Research published Online First in The Lancet provides new evidence that a substantial proportion of individuals with a clinical diagnosis of Familial Hypercholesterolaemia (FH) inherit a combination of small-effect changes in several genes (polygenic) rather than a large-effect mutation in a single gene (monogenic). These findings have implications for the majority of national guidelines on family screening for FH, that advocate testing relatives of all individuals with a clinical diagnosis of FH, including those of the UK National Institute for Health and Clinical Excellence (NICE).
“Cascade [family] testing of the roughly 40% of patients with a clinical diagnosis of FH and an identifiable causative mutation would eliminate staff and screening costs associated with screening relatives of the remaining 60% of patients without an identifiable mutation. This is very likely to be more cost-effective, but proving this will require a more detailed analysis”, says British Heart Foundation Professor Steve Humphries from University College London, who led the research.
FH is one of the most common inherited disorders affecting over 12 million people worldwide (1 in 500 of the general population). It causes very high levels of low-density lipoprotein cholesterol (LDL-C) or “bad cholesterol” in the blood, and if untreated, results in a five to eight times greater risk of early coronary heart disease (CHD). Identification of patients with FH needs to be improved because at least 75% of cases remain undetected, untreated, or improperly treated, despite good evidence that early detection and treatment with statins can significantly improve life expectancy.
DNA-based cascade screening to identify other family members with FH, who would benefit from treatment, has been recommended by NICE on the presumption of a monogenic inheritance of the disorder, where first-degree relatives would have a 50:50 chance of having the condition. However, 60% of people with clinically suspected FH have no identifiable mutation in any of the three genes (LDLR, APOB, or PCSK9) known to cause FH.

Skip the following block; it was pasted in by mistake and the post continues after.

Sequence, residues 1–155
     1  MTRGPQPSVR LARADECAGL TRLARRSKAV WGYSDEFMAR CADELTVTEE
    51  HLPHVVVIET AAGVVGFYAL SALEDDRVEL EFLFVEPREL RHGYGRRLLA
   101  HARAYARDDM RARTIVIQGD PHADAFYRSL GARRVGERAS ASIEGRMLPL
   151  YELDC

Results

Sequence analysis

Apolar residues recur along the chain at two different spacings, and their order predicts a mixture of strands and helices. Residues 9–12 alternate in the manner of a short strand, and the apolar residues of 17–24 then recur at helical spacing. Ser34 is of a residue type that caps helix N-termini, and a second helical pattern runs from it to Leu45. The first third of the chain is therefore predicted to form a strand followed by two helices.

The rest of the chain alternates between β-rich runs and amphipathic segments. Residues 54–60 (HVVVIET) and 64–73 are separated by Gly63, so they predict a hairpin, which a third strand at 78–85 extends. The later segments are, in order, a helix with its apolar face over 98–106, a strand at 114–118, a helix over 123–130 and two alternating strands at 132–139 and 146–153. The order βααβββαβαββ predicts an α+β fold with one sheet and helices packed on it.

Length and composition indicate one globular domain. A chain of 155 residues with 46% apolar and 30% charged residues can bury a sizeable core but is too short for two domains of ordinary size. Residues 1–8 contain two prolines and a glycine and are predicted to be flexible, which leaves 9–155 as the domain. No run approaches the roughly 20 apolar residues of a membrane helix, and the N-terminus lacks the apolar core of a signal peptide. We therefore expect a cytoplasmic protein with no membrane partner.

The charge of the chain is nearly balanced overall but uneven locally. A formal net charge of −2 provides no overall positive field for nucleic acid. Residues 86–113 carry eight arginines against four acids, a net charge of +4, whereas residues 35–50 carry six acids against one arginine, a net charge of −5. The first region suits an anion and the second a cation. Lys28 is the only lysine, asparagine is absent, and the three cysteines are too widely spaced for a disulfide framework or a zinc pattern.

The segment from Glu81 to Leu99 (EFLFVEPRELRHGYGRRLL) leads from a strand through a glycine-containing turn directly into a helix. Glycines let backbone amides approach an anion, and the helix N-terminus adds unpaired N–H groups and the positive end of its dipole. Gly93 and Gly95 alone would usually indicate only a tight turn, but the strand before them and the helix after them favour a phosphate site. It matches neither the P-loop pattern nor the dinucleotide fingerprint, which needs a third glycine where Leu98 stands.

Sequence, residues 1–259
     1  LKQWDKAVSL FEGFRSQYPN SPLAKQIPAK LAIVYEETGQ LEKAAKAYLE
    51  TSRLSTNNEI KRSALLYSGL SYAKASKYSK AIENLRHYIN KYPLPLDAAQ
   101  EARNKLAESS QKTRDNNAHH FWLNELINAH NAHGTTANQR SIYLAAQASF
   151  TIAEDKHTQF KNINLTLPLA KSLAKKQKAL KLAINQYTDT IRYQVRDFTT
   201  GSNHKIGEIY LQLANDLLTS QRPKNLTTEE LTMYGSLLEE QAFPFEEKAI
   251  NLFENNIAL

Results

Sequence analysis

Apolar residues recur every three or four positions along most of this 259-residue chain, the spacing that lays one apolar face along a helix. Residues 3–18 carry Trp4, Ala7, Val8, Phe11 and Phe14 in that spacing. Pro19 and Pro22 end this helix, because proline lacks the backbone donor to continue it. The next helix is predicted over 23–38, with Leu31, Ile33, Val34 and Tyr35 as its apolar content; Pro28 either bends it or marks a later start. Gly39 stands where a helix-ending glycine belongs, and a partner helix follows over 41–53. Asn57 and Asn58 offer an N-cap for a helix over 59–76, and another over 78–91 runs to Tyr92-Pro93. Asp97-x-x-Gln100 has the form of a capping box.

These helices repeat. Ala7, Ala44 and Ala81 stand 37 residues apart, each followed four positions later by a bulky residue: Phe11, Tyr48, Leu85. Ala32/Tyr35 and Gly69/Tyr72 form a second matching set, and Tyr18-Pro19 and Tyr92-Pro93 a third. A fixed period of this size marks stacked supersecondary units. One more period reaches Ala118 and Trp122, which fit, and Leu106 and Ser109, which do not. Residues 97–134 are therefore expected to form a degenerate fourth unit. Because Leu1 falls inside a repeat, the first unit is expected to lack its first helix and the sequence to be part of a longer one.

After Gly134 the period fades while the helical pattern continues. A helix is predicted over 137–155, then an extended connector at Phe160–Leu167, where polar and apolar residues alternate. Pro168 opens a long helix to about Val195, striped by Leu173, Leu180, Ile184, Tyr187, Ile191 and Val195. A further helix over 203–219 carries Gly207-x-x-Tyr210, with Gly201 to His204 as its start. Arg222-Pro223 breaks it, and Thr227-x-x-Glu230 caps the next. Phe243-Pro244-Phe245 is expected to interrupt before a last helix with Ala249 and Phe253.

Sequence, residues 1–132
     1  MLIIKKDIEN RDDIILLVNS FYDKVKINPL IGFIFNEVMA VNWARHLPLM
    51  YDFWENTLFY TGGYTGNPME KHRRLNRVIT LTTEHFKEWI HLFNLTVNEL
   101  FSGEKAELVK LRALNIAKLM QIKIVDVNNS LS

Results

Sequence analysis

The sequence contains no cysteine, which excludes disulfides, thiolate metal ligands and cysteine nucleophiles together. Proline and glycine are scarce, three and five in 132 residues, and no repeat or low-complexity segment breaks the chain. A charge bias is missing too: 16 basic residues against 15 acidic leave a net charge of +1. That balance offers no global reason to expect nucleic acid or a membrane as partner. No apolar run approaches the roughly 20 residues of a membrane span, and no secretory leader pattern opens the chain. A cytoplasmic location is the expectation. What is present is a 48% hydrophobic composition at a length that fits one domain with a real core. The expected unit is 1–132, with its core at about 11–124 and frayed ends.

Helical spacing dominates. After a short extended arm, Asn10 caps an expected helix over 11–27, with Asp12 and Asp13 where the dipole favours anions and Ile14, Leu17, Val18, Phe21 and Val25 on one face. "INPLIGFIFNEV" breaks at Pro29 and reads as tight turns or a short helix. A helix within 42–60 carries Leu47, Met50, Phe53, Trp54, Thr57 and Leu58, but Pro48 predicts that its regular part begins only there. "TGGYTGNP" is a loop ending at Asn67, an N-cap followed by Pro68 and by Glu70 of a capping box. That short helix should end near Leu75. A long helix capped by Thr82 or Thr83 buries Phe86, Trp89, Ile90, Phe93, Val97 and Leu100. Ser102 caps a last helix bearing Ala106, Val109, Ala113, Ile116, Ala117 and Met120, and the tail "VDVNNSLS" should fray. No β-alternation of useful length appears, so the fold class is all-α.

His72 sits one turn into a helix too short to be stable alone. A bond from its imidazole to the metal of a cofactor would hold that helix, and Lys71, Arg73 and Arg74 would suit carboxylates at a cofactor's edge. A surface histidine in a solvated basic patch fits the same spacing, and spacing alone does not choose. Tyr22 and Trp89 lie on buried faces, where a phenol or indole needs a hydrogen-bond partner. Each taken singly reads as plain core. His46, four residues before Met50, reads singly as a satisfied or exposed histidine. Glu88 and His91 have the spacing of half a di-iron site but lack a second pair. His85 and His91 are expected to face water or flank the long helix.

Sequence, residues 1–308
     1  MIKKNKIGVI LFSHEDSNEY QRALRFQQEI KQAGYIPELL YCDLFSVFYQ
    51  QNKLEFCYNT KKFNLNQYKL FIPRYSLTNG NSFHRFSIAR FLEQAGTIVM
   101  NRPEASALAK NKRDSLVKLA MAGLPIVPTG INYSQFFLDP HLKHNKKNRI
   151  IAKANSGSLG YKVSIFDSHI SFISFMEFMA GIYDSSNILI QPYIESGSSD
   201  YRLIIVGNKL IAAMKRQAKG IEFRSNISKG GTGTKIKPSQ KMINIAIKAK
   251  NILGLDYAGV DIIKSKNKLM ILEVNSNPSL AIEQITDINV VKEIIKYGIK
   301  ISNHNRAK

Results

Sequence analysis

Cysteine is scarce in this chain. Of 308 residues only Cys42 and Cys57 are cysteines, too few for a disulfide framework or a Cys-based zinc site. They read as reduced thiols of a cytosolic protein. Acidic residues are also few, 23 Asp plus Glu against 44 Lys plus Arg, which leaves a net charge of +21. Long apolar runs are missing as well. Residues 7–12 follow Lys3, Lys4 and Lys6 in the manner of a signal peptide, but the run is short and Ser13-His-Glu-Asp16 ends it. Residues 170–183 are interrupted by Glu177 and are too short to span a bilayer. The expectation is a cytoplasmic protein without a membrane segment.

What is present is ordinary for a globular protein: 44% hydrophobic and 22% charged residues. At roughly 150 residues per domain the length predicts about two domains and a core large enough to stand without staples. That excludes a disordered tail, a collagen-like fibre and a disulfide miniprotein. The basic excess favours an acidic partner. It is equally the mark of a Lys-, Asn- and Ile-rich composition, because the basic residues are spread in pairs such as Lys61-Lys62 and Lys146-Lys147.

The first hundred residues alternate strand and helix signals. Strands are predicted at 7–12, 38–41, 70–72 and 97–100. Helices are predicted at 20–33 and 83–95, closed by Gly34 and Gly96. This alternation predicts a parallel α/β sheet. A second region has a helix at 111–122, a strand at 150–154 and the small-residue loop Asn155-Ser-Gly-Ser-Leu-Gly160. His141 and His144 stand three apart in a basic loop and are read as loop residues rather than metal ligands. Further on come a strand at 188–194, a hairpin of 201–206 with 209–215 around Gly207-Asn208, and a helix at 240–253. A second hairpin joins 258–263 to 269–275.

“The current study was designed to investigate whether individuals who inherit many, small-effect, LDL-cholesterol raising sequence differences in a wide range of genes might have received a clinical diagnosis of FH, which would influence the efficacy of any cascade screening programme since the odds of finding relatives with grossly elevated LDL-C in such cases would be less than the expected 50%”, explains Humphries.
Recent genetic studies have identified many common genetic variants associated with a small increment in LDL-C levels. Genotyping for 12 of these single nucleotide polymorphisms (SNPs) was done on blood samples from 321 mutation-negative UK patients with FH, as well as 319 UK patients with FH with a known mutation, and 3020 healthy individuals (controls) from the UK Whitehall II study.